If you were to ask an SEO what the hardest part of their job is – most would reply: link building. It’s one of those tasks that, whilst being super-important in order to get good rankings on Google, it involves a whole range of skills that don’t quite align with many of the more technical skills most SEO’s will have.
Whilst I’ve been working as an independent SEO consultant for nearly 10 years, link building is one of those tasks I really love, but almost requires me to activate another part of my brain. It requires creativity, research, optimism, enthusiasm, anticipation, and a whole range of other emotions, patience being a massive part of the process too.
And as most decent SEO’s out there will tell you links are extremely important if you want your website to be found on Google, it’s probably a surprise that there aren’t more SEO’s offering link building as part of their own remit.
To add to this, lots of businesses fall into the trap of thinking that you can outsource link building without any further thought, and that it’s just another task to tick off the marketing to-do list.
In this article we want to explain the dangers of doing this, and the ways in which you can at least consider outsourcing your backlink building without it coming back to bite you on your backside.
Why outsource link building in the first place?
In simple terms it’s no different to hiring a specialist to do a job for you – if you can find a genuine agency or consultant that specialises in building links, generating brand exposure, improving your digital PR, or however else you want to define it, it seems like a win-win situation. You get the expertise and skills of the service provider, who in turn will help you to get those links you need to boost your organic rankings and traffic, whilst the service provider gets paid handsomely for their role in the process.
If you own a small business that doesn’t have access to SEO specialists that offer link building services then it’s natural you might start to look for businesses that do offer link building services. It might be that an SEO consultant has advised you following a link audit that you need better coverage online to boost your organic rankings, so you end up beginning that search for those elusive link builders. In typical SEO consultant style, whilst they might be very happy to tell you about your link problem, not many SEO’s are actually willing to get down into the nitty-gritty and help you to solve that link problem (cough, apart from myself, cough).
How to find genuine, good link builders online
If you do start looking around online for people or agencies that offer link building then you need to be super careful about who you pick to work with. So much money gets wasted on this area of SEO and you wouldn’t want the same to happen to you. Here are a few things you should look for when finding good quality link builders online:
1 – Do they have any good references?
This is a common one but if you’re beginning your search from scratch then perhaps you have no references available. Double check by asking around in your network to see if someone can recommend a good link builder or agency that specialises in helping to build brands online. Try to find someone that has worked with a connection of yours and has had good results. Don’t blindly believe any unsolicited recommendations or (even-worse!) fall for any of those spam emails that everyone seems to get on a nearly daily basis offering link building/selling links (or is it just me that gets those?).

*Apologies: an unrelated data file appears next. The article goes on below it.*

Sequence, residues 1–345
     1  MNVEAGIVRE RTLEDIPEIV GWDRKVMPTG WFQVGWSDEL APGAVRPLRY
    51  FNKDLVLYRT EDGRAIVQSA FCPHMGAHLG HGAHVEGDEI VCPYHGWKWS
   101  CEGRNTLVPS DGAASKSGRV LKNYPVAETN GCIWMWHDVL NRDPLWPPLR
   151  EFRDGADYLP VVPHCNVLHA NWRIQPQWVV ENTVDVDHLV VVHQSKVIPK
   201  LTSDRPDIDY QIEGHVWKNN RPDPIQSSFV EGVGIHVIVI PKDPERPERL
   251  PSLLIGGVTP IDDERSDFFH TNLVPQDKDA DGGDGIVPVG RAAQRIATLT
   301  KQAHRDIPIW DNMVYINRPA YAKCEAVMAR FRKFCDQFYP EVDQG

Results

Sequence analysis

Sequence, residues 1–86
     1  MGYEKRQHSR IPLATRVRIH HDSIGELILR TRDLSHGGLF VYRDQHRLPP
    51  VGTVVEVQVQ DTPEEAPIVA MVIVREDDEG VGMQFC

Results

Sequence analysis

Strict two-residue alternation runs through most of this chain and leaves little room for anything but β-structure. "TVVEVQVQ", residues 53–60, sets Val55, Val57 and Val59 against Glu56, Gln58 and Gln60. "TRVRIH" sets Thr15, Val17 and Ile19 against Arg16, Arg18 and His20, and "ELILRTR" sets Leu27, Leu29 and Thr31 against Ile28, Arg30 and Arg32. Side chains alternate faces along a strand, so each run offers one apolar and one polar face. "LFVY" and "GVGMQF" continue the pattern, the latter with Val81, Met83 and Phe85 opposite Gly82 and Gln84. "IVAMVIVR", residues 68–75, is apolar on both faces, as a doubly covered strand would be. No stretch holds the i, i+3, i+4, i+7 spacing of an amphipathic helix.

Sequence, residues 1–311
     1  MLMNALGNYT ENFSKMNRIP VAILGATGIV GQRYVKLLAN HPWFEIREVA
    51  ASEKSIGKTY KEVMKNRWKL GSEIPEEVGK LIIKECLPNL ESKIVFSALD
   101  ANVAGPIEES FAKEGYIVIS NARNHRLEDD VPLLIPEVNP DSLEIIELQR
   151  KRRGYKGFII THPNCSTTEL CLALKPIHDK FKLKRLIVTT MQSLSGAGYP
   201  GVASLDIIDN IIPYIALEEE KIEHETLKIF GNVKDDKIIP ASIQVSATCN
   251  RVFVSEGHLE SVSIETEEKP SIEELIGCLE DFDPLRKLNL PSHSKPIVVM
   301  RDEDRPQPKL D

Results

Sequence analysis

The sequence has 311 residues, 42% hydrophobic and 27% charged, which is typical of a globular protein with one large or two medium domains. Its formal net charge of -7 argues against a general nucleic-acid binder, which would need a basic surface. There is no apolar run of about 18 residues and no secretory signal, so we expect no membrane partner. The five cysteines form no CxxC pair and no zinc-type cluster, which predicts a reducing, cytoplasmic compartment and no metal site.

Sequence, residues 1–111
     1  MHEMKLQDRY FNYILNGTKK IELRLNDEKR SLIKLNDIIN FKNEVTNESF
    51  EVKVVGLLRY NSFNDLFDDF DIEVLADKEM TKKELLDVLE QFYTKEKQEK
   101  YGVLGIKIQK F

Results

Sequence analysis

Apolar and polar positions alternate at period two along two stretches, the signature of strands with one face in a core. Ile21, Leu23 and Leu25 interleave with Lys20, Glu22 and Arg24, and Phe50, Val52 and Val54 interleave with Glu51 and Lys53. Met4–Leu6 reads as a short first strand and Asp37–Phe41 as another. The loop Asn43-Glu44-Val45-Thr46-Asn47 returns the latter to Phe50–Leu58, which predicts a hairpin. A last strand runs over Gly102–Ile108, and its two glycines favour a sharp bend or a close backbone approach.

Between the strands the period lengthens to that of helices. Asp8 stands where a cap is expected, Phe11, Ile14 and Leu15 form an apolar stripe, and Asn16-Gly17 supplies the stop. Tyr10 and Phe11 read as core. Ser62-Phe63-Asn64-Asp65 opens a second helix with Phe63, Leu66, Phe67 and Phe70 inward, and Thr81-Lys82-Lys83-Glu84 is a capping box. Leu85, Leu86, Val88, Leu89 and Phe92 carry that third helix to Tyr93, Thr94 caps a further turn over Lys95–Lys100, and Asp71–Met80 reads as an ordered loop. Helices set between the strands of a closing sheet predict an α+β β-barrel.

2 – What results have they achieved for other businesses?
Don’t allow yourself to be blinded by the promise of a link placed on the likes of the BBC.com or TheGuardian.com. Whilst those might be huge publications which carry a lot of authority, ultimately you want to find a service provider that will put your link in front of your intended target audience – not going after broad coverage just for the sake of it. Whilst sometimes that might still be classed as a great link, many times it’s best to go more specific. It’s usually better to get a link from a site that might result in actual sales or enquiries for your business vs a link that only generates “impressions” or page views, unless that is the actual goal of the business that has hired you.
Ideally you want to get links that bring referral traffic – where people are actually clicking it to visit your page as it’s of real interest to them. No links just for the sake of them. Any agency or link builder worth their salt will understand this and should be communicating it clearly on their website, with regard to the results they’ve achieved for past clients. That might include metrics like:
- Links placed (total count)
- Links placed by website type
- Links placed by website category
- Traffic generated by links obtained
- Transactions completed from links obtained
3 – What does their onboarding process look like?
This might be an odd question to ask before you’ve started to work with them but it’s a good one to get a nice feel for how the relationship may progress, and whether or not it will be a valuable experience or not. For me, before even thinking of helping a client to acquire links, I need to sit down with them and go through a bit of a “business-data-download”. I need to understand how their business works, the types of clients they target, how clients sign up with them. In general, anything that might help me to understand them better at the initial stage of the relationship. This is especially true if it’s a business that operates in an industry I’ve not worked in before. Ultimately with this data I can probably begin to pick up ideas as to the types of coverage that might be worthwhile for them.